Worldwide there are approximately 3,000 merchant ports and the work of the Harbour Master can vary widely from country to country and from port to port even within the same country.
The International Harbour Masters’ Association (IHMA) is pleased to let you know that the detailed agenda for the 9th IHMA Congress to be held in Bruges – Ghent, Belgium 2014 has been published. Please see attached document for further details.
Please find here a list of the members and organisations registered to attend as per 1/2 March 2014:
Algeciras Bay Port Authority; APM Terminals Bahrain; AS Kunda Nordic; Associated Icelandic Ports; Australian Maritime Systems; Barcelona Port Authority; Bremer Schiffsmeldedienst; Copenhagen Malmo Port; Dover Harbour Board; Dublin Port Company; Eilat Ashkelon Pipeline Co; Falmouth Harbour Commissioners; Fremantle Ports; FSI - Primorsky Region Maritime Port Administration; Germanischer Lloyd SE; Ghent Port; Company AMPC; Groningen Seaports; Hamburg Port Authority; Hansestadt Bremisches Hafenamt; Klaipeda State Seaport Authority; Klein Systems Group; Kolding Havn; Murmansk Maritime Port Authorities; Namport; Plymouth University; Port Hedland Port Authority; Port of Aalborg; Port of Amsterdam; Port of Antwerp; Port of Cork; Port Of Gothenburg; Port of London Authority; Port of Moerdijk; Port of Portland; Port of Rotterdam; Port of Tallinn; Ports of Marseille - Marseille-Fos; Prince Rupert Port Authority; Rosslare Europort; Royal Dirkzwager; SMSC; Sohar Industrial Port Company; SSPA Sweden AB; St. Petersburg Maritime Authority; Taman Maritime Port Administration; The Nautical Institute; Toros Tarim San. Ve Tic. A.S; Transnet National Ports Authority; United Kingdom Maritime Pilot's Association; Vanino Maritime Port Administration & Vysotsk Maritime Authority
IMO Secretary-General Kitack Lim has welcomed the commitment of 12 countries to facilitate crew changes and achieve key worker designation for seafarers, following a virtual ministerial summit hosted by the UK Government on 9 July. This step represents significant progress to help resolve a growing crisis facing the maritime industry, and enable hundreds of thousands of stranded seafarers to go home or join ships.
In a joint statement, representatives from 12 countries expressed their deep concern about the current crisis and acknowledged that “the inability of ship operators worldwide to conduct ship’s crew changes is the single most pressing maritime operational challenge to the safe and efficient movement of global trade”.
Since the beginning of the COVID-19 pandemic, travel restrictions and border closures imposed by Governments around the world have caused significant hurdles to crew changes and left hundreds of thousands of seafarers stranded onboard ships, or unable to join ships. It is currently estimated that at least 200,000 seafarers worldwide are stranded on ships and require immediate repatriation, and a similar number urgently need to join ships to replace them. This has led to a growing humanitarian crisis, in addition to concerns that seafarer fatigue and mental health issues may lead to serious maritime accidents. There are also concerns about the continuity of the global supply chain.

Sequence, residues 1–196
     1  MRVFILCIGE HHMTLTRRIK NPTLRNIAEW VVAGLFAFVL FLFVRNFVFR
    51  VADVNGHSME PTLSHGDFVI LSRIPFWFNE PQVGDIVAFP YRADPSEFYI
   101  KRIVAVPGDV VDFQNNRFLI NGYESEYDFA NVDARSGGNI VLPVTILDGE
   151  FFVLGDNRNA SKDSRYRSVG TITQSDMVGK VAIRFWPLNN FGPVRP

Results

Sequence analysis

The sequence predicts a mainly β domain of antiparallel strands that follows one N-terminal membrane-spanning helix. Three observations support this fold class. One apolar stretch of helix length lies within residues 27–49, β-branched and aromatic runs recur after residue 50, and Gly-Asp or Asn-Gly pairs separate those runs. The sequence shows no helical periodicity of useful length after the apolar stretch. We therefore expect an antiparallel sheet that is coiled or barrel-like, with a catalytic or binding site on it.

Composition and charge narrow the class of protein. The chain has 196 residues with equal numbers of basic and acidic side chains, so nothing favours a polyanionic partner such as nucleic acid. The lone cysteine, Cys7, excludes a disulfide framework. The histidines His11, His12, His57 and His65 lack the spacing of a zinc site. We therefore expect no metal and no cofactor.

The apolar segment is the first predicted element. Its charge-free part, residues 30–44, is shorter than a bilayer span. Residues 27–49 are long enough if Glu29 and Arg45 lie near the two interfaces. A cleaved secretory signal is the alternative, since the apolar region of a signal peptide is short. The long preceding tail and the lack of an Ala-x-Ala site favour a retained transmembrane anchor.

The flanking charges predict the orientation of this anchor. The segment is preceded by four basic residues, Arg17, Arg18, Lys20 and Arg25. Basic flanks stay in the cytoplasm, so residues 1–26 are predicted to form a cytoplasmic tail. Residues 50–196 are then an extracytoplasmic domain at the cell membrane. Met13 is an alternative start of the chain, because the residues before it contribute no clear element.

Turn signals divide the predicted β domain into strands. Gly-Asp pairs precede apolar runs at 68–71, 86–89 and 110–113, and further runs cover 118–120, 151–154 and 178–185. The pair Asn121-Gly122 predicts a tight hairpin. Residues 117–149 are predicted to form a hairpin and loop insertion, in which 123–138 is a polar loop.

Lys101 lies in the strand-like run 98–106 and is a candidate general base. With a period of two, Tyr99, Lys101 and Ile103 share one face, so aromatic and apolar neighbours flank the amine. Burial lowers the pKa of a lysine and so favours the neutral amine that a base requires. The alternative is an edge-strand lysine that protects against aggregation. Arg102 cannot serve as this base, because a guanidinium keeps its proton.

French container carrier, CMA CGM has announced its intention of launching a new product called Round the Africa (RTA) service to add to and complement the current 31 CMA CGM services already operating to sub-Saharan Africa.
A bit of a misnomer, the service is unique in terms of providing a direct service from Asia to Senegal and Sierra Leone along with best transit times, as well as calls to other selected West African ports.
Dakar is reached weekly from Ningbo in 35 days, from Nansha in 32 days. Freetown (Sierra Leone) is reached in 35 days from Nansha. The service offer to Tema (Ghana) is improved with three weekly departures.
‘Our exporters from West Africa will benefit of excellent transit time and direct service to China. Shanghai is reached in 29 days from Abidjan, 31 days from Tema, 36 days from Freetown and 39 days from Dakar,’ says the line in a statement.
One is left to assume the Round Africa part comes from the ships returning to Asia via the Cape of Good Hope.
Round the Africa service rotation is as follows:
Shanghai – Ningbo – Nansha – Singapore – Malta – Tanger – Dakar – Freetown – Tema – Abidjan – Port Kelang – Shanghai
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